What is happening in Ferguson is about more than Michael Brown and his family. It’s a shadow play of a national crisis in race relations and class repression.
The shooting of an unarmed black man by police in the small town of Ferguson, Missouri has provoked civil unrest, media fury and a debate about the community’s reaction. But riots, reporters' arrests and black anger are not the issue here – the death of Mike Brown is.
Over the past few decades, US police departments have invested heavily in military-style equipment and training. The turmoil in Ferguson, Missouri shows the results.
Armoured vehicles, journalists arrested and protestors shot at – a summary of recent events in Ferguson, Missouri following the shooting of teenager Michael Brown.
A core American cultural value that gives priority to property rights over human rights informs the indifference towards the lives of especially young black men and women.
The Florida county – pivotal in the 2000 Bush-Gore battle – has backtracked on a policy that would have meant polling stations didn’t have disabled toilets.
One nation, indivisible.
A drop in the bucket.
Pundits and polls say the stakes couldn’t be higher. The reality is quite the opposite.
Because otherwise the terrorists win.
They’ve been silent too long.
The Supreme Court has found a solution that is good for women and good for religious liberty.
Will Hillary run for president in 2016? Her memoir is more interested in the fine art of diplomacy.
Simply by running, Warren will drag the centrist Clinton to the left and put the causes she cares about – financial reform, fairer taxes, income inequality – at the centre of the 2016 presidential election.
Clinton gets Obama’s donors and operatives, and in return Obama gets the Democratic nominee best able to make sure his accomplishments outlive his administration. What’s not to like?
The US Secret Service is seeking some help with its online snooping, and needs a company that can detect sarcasm online - because you need to be able to distinguish between "I love Al Qaeda" and "I love Al Qaeda". Good luck with that, pals!
What does a rich, privileged young man have to do to get labelled a terrorist?
The shadow foreign secretary reports from a four-day trip to the States.
Our man in Washington John Bew has coffee with the former US president – and they talk Thatcher, Iran’s Islamic Revolution and the persecution of women.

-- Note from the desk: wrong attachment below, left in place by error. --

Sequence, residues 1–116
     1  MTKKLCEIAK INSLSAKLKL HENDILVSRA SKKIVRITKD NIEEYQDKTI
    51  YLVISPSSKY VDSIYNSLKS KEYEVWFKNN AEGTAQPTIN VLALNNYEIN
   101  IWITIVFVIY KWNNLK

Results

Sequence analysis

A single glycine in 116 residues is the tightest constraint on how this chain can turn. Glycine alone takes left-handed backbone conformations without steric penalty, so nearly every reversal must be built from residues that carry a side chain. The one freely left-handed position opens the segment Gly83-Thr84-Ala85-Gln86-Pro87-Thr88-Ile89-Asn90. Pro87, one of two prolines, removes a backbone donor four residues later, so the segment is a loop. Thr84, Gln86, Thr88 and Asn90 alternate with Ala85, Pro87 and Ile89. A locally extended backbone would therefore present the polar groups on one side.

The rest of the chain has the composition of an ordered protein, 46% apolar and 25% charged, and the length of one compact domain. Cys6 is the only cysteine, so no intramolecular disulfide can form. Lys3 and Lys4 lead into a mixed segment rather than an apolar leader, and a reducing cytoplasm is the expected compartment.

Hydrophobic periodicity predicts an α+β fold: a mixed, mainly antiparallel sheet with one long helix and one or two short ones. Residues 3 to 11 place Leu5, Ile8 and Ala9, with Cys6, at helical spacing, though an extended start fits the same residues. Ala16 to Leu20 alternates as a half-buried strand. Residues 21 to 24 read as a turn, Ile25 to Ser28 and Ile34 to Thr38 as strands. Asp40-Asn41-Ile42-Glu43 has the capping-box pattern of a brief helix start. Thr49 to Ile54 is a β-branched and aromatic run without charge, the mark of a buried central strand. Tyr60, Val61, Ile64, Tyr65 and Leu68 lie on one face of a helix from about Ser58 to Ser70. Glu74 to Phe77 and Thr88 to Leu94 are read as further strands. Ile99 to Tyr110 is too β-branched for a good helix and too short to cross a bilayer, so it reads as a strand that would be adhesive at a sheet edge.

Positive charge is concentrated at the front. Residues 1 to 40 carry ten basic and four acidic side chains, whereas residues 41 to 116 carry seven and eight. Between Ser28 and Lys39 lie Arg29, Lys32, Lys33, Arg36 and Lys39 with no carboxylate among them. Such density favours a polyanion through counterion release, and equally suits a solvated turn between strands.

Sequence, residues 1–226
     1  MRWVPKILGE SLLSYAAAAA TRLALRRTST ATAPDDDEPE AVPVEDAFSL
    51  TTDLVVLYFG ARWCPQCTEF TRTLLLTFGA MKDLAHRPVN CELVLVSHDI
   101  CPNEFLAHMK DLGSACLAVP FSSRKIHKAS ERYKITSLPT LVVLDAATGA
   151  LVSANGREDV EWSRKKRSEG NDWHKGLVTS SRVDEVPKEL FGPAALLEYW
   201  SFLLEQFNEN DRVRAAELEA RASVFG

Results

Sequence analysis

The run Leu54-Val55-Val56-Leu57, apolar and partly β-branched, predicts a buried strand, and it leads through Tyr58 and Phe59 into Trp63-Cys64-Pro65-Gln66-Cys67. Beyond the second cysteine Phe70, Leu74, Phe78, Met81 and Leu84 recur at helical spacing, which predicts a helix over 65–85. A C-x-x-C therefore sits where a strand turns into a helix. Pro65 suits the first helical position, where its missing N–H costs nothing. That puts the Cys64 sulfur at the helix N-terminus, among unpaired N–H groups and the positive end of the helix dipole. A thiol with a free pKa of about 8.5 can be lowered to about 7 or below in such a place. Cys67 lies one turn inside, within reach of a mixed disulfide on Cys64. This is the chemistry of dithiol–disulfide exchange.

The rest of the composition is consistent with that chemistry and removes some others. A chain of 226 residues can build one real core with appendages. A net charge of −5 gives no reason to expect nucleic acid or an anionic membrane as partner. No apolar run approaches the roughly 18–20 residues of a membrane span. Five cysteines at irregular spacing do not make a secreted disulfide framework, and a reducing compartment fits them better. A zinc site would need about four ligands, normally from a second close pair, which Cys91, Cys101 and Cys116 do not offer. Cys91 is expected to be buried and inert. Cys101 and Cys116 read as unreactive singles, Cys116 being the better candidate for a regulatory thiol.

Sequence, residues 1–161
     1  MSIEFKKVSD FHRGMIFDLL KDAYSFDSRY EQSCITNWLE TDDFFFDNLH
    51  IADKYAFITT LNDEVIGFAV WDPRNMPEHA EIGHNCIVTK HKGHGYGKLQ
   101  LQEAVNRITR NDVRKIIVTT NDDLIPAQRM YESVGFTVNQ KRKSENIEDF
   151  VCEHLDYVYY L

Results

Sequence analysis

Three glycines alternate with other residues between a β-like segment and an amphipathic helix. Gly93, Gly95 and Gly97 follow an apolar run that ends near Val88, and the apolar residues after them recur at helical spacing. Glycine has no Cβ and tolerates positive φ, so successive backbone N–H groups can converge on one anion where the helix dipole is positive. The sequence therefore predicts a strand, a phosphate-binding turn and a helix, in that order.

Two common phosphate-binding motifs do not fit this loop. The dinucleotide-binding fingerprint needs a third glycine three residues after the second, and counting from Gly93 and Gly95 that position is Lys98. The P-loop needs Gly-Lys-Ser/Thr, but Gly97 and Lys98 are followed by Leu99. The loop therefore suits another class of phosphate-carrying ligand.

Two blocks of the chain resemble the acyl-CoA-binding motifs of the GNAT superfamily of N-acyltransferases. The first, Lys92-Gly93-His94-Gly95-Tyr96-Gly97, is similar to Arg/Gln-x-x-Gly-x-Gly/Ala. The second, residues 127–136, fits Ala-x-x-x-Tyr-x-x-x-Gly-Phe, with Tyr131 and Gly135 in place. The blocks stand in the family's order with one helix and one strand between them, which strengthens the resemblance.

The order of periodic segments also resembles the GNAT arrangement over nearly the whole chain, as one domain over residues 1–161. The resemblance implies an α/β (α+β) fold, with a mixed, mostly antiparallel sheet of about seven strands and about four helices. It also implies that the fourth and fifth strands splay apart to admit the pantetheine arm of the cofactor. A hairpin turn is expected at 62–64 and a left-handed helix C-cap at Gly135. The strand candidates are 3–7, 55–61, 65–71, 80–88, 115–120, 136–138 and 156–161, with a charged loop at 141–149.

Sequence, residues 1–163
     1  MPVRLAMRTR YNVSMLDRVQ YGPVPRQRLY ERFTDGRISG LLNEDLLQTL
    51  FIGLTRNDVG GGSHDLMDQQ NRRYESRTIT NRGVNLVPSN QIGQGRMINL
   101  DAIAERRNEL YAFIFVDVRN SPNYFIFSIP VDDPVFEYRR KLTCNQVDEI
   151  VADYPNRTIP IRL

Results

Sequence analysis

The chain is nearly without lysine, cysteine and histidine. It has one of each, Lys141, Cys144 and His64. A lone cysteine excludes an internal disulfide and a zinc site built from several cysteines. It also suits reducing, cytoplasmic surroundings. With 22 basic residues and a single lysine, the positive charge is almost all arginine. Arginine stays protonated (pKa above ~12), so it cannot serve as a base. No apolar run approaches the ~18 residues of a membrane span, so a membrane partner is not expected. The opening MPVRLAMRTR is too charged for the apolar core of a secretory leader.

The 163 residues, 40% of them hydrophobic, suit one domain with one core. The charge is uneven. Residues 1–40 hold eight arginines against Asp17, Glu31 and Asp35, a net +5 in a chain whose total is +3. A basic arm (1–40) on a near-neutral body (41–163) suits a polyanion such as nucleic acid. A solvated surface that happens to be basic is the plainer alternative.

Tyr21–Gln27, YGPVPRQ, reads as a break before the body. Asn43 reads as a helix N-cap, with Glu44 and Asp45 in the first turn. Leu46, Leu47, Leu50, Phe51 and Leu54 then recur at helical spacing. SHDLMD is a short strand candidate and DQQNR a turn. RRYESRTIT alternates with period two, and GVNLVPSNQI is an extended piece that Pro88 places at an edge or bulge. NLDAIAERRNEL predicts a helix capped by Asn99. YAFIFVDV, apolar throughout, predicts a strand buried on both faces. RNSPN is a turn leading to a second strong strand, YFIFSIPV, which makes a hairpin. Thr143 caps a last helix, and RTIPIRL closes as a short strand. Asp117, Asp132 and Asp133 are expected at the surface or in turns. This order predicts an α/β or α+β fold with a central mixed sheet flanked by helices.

Wendy Davis shot to fame in 2012 after her 13-hour filibuster to stop a particularly vicious anti-abortion bill. But can she convert that kind of recognition into victory in the race to be governor of Texas?
The Scots-born US TV host, stand-up and writer on life with two passports.
With more cannabis shops than branches of Starbucks and further liberalisation to come - why hasn't the trade in legal marijuana decreased the number of dealers on the street in Colorado?
How would you react if you discovered your music was being used to aid interrogations?
The former US Secretary of Defense on what the president never knew.
A new film following Mitt Romney from his failed first presidential bid in 2007-8 to his doomed candidacy in 2012 may not be political dynamite, but it is an oddly compelling portrait of a very awkward man.
For more than half of his time in prison, Marita Maharaj's husband Kris was on death row. His sentence was commuted in 2002, but he still faces life imprisonment.
Chris Christie's presidential hopes have taken a hit, thanks to the "bridge" scandal. But if he learns the lesson that the American public has little tolerance for proto-Nixonion political thuggery, and – crucially – stops hiring people who operate that w
The New Jersey governor is widely tipped as a potential Republican nominee for the 2016 election. But as a recent scandal involving gridlock on a bridge shows, he's more like Richard Nixon than than Rudi Giuliani.